Apparently I write a new journal yearly now.
It isn't too much of a surprise, I suppose. After my video game design course, I realized that I was not going to be an artists professionally; even if I increased my skills to the point that they were worth marketing, I don't enjoy drawing when I force myself to it - and I'm not very good at drawing when I force myself to it. I don't have the art-centric mentality, the ability to stay focused on one picture for hours at a time. So I decided to get back to writing (which I can do for hours at a time, and which I do still enjoy, even when it's something that wasn't my idea to write, or I'm forcing myself because of a deadline), and consequentially, I've not been spending much time on DeviantArt.
That said, I am spending this summer interning at a startup, where I'm the head and only full member of the design team. Of course, since the company has about 5.5 people working for it, I have a whole lot of stuff to do that isn't producing graphic content. This week I've been cramming code, and worked with two other interns to overhaul the website (the changes should be going live on Monday, and it will look much better than it does now).
The company, incidentally, is called 121nexus (121nexus.com), and focuses on creating personal connections on the web, which probably sounds like a bunch of buzz words. The gist of it is that if people can be convinced to access landing pages on a website using a unique url, and the owner of that website knows something about the person using each unique url, then when that url is used, the person using it gets unique, personalized content.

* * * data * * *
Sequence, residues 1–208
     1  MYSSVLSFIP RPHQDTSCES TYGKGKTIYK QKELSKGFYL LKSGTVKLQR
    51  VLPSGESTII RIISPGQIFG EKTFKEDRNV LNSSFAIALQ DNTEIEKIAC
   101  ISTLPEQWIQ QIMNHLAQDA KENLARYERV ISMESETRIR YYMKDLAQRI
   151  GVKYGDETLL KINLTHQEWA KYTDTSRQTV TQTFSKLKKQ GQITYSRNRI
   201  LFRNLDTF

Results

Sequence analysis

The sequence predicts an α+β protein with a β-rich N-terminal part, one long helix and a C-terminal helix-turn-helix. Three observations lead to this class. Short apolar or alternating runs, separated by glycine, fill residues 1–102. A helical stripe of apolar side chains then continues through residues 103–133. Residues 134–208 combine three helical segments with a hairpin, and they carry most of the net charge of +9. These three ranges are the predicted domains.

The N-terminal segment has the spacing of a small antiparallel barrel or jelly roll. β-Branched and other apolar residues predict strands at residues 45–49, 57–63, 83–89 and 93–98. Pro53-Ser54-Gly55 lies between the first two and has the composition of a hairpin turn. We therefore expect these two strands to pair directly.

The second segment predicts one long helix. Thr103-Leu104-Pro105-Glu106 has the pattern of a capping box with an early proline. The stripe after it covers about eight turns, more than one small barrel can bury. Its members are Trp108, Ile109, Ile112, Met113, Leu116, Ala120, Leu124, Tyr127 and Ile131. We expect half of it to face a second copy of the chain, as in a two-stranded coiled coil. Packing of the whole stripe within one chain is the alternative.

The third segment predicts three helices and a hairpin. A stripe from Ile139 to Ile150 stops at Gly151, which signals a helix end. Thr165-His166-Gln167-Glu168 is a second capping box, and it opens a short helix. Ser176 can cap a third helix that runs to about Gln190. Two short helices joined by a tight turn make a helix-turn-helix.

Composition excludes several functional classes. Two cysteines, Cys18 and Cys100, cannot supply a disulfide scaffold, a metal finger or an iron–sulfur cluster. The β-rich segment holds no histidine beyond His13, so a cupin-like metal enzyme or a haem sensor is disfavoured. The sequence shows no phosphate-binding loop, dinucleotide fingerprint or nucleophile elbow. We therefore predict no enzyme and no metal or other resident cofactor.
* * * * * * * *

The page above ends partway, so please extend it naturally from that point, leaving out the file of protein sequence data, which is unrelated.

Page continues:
Which still sounds a little like corporate speak. Right now, we're running a version of it for political campaigns, but pretty soon, we're going to be using it for a dating application. See, you get these cards with urls and QR codes on them, and if you see someone who looks interesting, but you're too shy / in too much of a hurry to talk to them, you can give them a card. It will take them to a landing page with a message board that the card owner and the card distributor can access, so you can strike up a conversation (or not) without having to exchange personal information like phone numbers or e-mail addresses.
As a wallflower who communicates more easily via text, this sounds like a GREAT idea to me. Maybe other, bolder people will denounce it as cowardly. I dunno.
I am going to shut up now and get back to my novel. I'm doing Camp Nanowrimo this month (campnanowrimo.com), so... words, words, words.
PS - Providence is a cool city, and I'm looking forward to visiting Boston one of these weekends, since it's a hop, skip, and a jump (aka a train ride) away!